Hey gang, Valkor here. In the past, I usually fall into the category of judging a book by its cover, and in terms of films, I take bad box art to mean bad movie… and I usually end up wrong. So what happens when you have good box art with a really bad movie? You end up with a film called "Mommy's Little Monster", a film with a lot of character, but no substance. Overall: it's downright boring!
Mommy's Little Monster actually intertwines the lives of three characters that run concurrently into one, with one character being the sole connection. The main character is Taylor (Matt Terzian), a recently released mental patient. Through the use of flashbacks, we see that he's still haunted by his mother (played by Karen Black), who was also his tormentor growing up, that would berated and abuse him. Back in his home, Taylor comes across a locked door that's also a link to his past, but something is behind those doors. What is it? We'll never find out (or maybe we do, I think I nodded off during that scene). Anywho, Taylor is given a job by his uncle Stanley, who runs an excavation company who are currently working on a site looking for bones in a possible indian graveyard. If they find any, then the Indians keep the land. But if they don't then a company called Raycon gets it and they plan on building housing units on top of the land. With Taylor's unique attention to detail (plus degrees in archeolgy), he must help uncover the gravesite or risk losing a part of himself – the land was also his hangout when things got rough in the home.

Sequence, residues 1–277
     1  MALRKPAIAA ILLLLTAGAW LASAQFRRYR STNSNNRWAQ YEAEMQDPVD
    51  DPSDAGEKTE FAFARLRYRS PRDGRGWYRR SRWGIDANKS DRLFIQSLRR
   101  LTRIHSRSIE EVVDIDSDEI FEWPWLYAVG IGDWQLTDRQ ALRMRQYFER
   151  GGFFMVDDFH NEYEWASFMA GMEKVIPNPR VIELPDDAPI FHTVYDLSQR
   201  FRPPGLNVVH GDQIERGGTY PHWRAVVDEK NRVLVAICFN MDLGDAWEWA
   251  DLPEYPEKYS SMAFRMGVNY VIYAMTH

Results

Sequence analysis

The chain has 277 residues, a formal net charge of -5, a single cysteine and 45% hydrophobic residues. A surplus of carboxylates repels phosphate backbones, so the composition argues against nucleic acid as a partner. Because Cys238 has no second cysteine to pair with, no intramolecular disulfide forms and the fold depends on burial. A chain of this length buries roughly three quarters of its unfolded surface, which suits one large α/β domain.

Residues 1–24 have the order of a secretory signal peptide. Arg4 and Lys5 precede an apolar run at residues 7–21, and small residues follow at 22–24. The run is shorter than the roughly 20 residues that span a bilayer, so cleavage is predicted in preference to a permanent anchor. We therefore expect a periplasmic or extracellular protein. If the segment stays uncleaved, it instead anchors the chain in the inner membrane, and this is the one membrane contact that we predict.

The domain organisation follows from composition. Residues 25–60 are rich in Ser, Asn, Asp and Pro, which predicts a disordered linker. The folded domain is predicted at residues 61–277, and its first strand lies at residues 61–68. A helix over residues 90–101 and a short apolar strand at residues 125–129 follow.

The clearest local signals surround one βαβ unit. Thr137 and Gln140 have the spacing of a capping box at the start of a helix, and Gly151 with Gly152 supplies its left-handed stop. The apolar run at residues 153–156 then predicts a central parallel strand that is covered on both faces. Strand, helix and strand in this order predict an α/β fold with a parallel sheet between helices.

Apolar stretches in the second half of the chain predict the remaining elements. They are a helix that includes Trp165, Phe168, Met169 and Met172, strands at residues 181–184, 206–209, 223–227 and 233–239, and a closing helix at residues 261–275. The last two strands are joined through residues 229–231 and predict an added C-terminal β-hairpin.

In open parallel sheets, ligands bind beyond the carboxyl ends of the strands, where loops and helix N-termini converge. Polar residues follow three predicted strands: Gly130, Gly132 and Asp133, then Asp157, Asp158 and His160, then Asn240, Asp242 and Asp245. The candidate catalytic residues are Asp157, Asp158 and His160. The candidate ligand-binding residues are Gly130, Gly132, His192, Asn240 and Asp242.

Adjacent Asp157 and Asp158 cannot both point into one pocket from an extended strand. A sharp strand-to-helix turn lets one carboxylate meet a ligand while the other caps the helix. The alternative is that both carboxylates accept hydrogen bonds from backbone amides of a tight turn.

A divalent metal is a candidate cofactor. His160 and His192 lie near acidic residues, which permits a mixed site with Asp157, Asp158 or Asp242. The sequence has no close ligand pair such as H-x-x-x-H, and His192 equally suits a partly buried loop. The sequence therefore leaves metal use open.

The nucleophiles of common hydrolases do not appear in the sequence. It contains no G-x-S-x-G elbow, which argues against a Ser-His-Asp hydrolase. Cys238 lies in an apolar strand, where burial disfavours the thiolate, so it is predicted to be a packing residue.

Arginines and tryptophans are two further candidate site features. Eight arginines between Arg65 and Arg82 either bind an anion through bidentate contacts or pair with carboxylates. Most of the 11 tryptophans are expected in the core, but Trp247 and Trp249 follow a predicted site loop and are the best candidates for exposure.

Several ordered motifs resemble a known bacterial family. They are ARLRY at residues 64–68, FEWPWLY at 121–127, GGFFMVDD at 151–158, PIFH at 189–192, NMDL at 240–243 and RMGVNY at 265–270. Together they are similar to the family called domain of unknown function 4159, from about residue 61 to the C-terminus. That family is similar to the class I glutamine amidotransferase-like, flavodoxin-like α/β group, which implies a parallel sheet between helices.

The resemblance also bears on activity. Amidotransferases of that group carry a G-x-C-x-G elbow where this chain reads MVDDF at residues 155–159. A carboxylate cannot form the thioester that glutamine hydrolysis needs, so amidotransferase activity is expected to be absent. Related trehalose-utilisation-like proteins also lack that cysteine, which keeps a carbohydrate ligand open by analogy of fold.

Next up is Uncle Stanley (Geoffrey Lewis); while Taylor was "away", he was asked to take care of the home, but old Stanley spent more time frittering away his, Taylor's, and Raycon's money on poker and the race track. Now he must choose to either do the right thing and admit the land is a burial ground or steer things in the opposite direction so that Raycon gets the land, which may lead to money money to pay off his debts. Debts that if he doesn't pay off, will be the end of him.